To Die By Your Side

Fleet Foxes – Wolverhampton Civic Hall 25/06/2009

June 27th, 2009

What a difference a day makes. Or does it? 24 hours earlier, I was stood right of the stage in the sweltering heat of the Wolverhampton Civic Hall. Tonight, I’m stood right of the stage in the sweltering heat of the Wolverhampton Civic Hall. While it’s not fair to compare and contrast two vastly different bands, two gigs in two consecutive nights makes it near impossible not to. The band walks on stage. “Hello… we’re Blur.” Okay, this is just plain weird. Either I’m experiencing a major case of déjà-vu or Robin Pecknold is well aware of what went down the previous night. And as introductions go, it’s a damn good ice breaker. It’s also just the first of many unexpected and slightly surreal happenings that tonight’s Fleet Foxes show brings.

Not that the music is a surprise. A stunning, acapella ‘Sun Giant’ opens the show. Robin Pecknold breaking the silence between the lines, with a light time keeping rap on the body of his guitar. The crisp, clear sound of the most gorgeous harmonies ringing out around the hall. The power and precision of the voices amplified by the reverential silence that’s fallen across the crowd. Not that it lasts. Much of the evening’s delights are marred by talkers and drunks. An unlikely mix scattered amongst the people who really are here to watch, listen to, enjoy and admire the music on show. The buzz and murmur of conversation blighting the quieter, softer, gentler moments of the set. It is, to say the least, incredibly and utterly irritating.

But as distracting as it undeniably is, it doesn’t completely ruin the night. It can’t when the music is this good. Sounding more organic and less rigid than on record, Fleet Foxes are loose and free with their songs. Creating lots of space within them in which to work their instruments. The vocals are flawless all night. Robin Pecknold’s voice note perfect. Stronger and more forceful than you’d expect but equally as moving. The guitar play wonderfully fluid, while the drums seem to take on more of an improvised feel to them. The band plays heavier and rockier in parts but lose none of the beauty of their music. ‘White Winter Hymnal’ is simply stunningly spiritual. Its baroque choral beginnings exploding into a rush of folk country that simply leaves you spinning. The highlight though are the two solo Pecknold spots. Seeming to grow in stature, alone he commands your attention. Part 60s troubadour, part woodsman, he delivers a time stopping rendition of ‘Tiger Mountain Peasant Song’.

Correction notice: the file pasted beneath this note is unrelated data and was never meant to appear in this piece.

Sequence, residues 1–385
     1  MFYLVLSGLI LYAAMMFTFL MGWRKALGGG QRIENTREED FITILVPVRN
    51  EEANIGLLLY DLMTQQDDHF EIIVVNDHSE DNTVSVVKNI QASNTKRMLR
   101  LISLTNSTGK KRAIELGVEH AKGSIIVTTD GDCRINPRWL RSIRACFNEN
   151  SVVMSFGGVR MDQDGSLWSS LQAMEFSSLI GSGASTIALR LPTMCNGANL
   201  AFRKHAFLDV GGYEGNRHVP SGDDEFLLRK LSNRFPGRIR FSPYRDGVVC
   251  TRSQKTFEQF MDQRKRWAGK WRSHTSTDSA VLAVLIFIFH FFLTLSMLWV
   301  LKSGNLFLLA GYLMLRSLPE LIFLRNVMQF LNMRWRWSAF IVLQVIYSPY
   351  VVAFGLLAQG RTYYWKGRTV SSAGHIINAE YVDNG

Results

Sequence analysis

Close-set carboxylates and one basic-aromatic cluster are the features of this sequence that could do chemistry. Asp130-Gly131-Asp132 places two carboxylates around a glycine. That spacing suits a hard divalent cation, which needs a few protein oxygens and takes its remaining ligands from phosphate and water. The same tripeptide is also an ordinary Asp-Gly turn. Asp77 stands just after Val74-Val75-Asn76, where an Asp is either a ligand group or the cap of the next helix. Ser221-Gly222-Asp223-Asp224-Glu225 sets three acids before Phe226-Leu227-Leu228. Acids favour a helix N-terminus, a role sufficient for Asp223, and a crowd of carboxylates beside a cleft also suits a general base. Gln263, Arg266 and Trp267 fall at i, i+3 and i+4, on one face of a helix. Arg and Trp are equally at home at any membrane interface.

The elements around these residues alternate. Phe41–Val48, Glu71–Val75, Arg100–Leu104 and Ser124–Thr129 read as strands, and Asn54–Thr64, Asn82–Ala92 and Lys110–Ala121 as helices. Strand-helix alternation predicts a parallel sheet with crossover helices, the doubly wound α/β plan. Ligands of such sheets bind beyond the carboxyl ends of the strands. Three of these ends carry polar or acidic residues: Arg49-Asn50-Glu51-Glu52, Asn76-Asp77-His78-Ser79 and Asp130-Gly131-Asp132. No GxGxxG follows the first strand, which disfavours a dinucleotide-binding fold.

But like I said, the music is no big surprise. With an accomplished EP and album under their belt, this was always going to be something special. And the handful of new songs that sprinkle the set look set to continue the musical wonderment. One is a picked acoustic number that easily slots into the Fleet Foxes canon. Another ventures towards slightly more experimental territory, suggesting Fleet Foxes future may edge in a similar direction to that of Grandaddy. What wasn’t expected was how much of a showman Pecknold would be. Between songs he is chatty and witty, an unexpectedly natural frontman. He introduces long moments of tuning as new songs and treats us to an uncanny impression of Johnny Cash covering The Killers’ ‘Human’. It is in turns hilarious and quite, quite surreal. But not as surreal as the news that arrived just as the rest of the band returned for the final song.

Some remember where they were when JFK was shot. Others remember where they heard of Elvis’ death. Everyone in the Civic Hall is sure to remember where they were when Michael Jackson died. The news that shook the world is shouted out from the balconies. Michael Jackson is dead. It seems to wrong foot the band, the audience and the entire night. Uncertainty takes hold. Is it a joke. The truth. A hoax. Someone ask for verification. Then Robin sums it up with a soft, ”If it’s true, that’s really sad” and dedicates the final song ‘Blue Ridge Mountain’ to Michael Jackson. It’s an oddly fitting tribute, one which makes for an unsettling end to a strange night. A night that still managed to be special, despite the attempts of certain ‘fans’ within the crowd.

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